Blog Archive

Monday, May 25, 2009

Do Not Pass Go


Big news from the corporate hemophilia world: CSL, maker of blood-plasma products, including Monoclate-P, Mononine, and Humate-P, has been foiled in its courtship of Talecris, also a maker of blood-plasma products, most notably Koate DVI. "The US Federal Trade Commission (FTC) recommended legal action to block the proposed $3.1 billion purchase of Talecris Bio- therapeutics Holdings," writes Bloomberg news.

Why can't CSL buy Talecris? What has lawmakers ruffled up about this? Gobbling up Talecris would place CSL at the top of the blood plasma food chain. This includes hemophilia, as well as autoimmune disorders and multiple sclerosis. Something about this screams violation of antitrust to Washington.

Antitrust law prohibits any activity that restricts free trade and competition between businesses, especially those that would lead a company to a dominant position--a monopoly. So the government is always sniffing out predatory pricing, price gouging, and mergers and acquisitions of large corporations. The FTC website says, "Courts have applied the antitrust laws to changing markets, from a time of horse and buggies to the present digital age. Yet for over 100 years, the antitrust laws have had the same basic objective: to protect the process of competition for the benefit of consumers, making sure there are strong incentives for businesses to operate efficiently, keep prices down, and keep quality up."

And antitrust laws have been around longer than 100 years. Wikipedia says: "The history of competition law reaches back to the Roman Empire, with the Lex Julia de Annona, enacted during the Roman Republic around 50 BC. To protect the grain trade, heavy fines were imposed on anyone directly, deliberately and insidiously stopping supply ships."

The term "antitrust" is American, and arose when large American corporations used trusts to conceal business arrangements. Big trusts meant big monopolies, and when you have a monopoly, you can easily control supply and demand, and prices. You have no competition. Have you played the game Monopoly and landed on your friend's Park Place, the one with a red hotel? Ouch. Consumers have suffered at the hands of those with monopolies.

In America, monopoly is perceived even as a threat to democracy. The FTC website writes: "Free and open markets are the foundation of a vibrant economy. Aggressive competition among sellers in an open marketplace gives consumers -- both individuals and businesses -- the benefits of lower prices, higher quality products and services, more choices, and greater innovation. The FTC's competition mission is to enforce the rules of the competitive marketplace -- the antitrust laws. These laws promote vigorous competition and protect consumers from anticompetitive mergers and business practices." http://www.ftc.gov/bc/antitrust/index.shtm

Perhaps the FTC thinks that a CSL acquisition of Talecris would make the company too big for its britches, too powerful? Talecris, owned by the private equity groups Cerberus Partners and Ampersand Ventures, had revenue of about $1.4 billion in 2008. CSL had $2.97 billion in revenue in the year ending June 2008. Together they would dominate the blood plasma field, surpassing Baxter, which is now top dog. Indeed, Talecris, Baxter and CSL already control 83% of the US market. Other producers include Grifols, which makes blood products, and Octapharma, which also makes blood products although its factor products are not yet registered in the US.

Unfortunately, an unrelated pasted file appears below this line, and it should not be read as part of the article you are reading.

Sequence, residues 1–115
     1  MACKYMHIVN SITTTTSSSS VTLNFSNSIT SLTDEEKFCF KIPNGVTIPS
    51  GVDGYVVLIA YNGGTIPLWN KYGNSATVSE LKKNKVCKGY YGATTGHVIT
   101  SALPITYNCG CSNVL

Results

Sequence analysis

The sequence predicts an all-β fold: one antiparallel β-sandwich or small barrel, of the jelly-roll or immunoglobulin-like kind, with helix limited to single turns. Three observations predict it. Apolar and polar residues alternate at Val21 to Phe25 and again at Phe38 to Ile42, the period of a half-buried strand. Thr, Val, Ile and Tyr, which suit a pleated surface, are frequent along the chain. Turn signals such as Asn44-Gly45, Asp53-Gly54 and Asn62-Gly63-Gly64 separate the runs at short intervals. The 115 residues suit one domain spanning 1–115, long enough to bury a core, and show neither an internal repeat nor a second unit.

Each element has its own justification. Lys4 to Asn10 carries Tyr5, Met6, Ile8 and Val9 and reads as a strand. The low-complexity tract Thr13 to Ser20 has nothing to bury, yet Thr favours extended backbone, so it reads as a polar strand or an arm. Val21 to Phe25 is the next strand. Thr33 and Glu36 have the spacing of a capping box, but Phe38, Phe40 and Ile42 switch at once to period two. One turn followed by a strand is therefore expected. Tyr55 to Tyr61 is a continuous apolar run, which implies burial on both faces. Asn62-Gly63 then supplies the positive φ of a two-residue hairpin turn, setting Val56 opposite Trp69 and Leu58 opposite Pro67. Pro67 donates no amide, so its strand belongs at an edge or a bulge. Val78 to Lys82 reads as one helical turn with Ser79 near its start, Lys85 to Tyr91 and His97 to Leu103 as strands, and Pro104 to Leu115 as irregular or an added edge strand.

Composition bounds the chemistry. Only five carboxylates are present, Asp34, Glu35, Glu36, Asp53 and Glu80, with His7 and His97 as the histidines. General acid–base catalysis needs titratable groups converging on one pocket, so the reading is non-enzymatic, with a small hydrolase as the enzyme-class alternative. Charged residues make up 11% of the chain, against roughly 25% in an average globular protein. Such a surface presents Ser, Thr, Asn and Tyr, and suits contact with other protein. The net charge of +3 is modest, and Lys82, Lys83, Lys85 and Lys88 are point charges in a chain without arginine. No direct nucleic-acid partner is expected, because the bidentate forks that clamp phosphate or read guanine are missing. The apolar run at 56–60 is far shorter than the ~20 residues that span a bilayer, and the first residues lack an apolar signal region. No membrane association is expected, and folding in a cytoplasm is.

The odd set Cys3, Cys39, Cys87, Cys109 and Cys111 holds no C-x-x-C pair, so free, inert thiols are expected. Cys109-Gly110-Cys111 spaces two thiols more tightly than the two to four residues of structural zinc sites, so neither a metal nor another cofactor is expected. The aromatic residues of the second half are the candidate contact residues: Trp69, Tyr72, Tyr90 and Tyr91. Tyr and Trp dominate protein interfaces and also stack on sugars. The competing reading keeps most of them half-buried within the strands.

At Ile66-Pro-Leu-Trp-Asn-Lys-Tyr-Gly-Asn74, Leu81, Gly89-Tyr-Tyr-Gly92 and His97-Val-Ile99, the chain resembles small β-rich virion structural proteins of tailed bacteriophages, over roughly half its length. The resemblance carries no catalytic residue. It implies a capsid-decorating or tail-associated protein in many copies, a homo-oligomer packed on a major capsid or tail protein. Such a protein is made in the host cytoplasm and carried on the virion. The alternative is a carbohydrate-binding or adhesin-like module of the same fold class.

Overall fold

What's next? After the FTC publishes its reasons for preventing the acquisition, CSL will then decide what to do. Wooing a prospective partner when the parents don't approve is expensive. But not so bad as in Roman times: Under Diocletian in 301 AD businessmen faced the death penalty for violating a tariff system, for example by buying up, concealing or contriving the scarcity of everyday goods. Death penalty? Thankfully we don't do things gladiator style anymore. If CSL cannot complete the deal, the company will be liable to pay a $75 million break fee to Talecris's owners, Cerberus Partners and Tribeca Investment Partners, a company spokeswoman said. That should soften any break up. Stay tuned!

Interesting Book I Just Read
The Blue Sweater by Jacqueline Novogratz

Novogratz started her career as a young, starry-eyed do-gooder out to change the world, and got an eye-opener working in Africa in the 1980s for various nonprofits. She had valuable experiences about what works and what doesn't in helping the poor. Eventually, she returned to the US and founded the Acumen Fund, which finances businesses in the developing world that give jobs to the poor, tackle issues of poverty and offer microloans. From a one-woman show to heading a huge NGO now, her story is very interesting. In many ways it's an homage to the African women who struggled alongside her and taught her, and learned from her.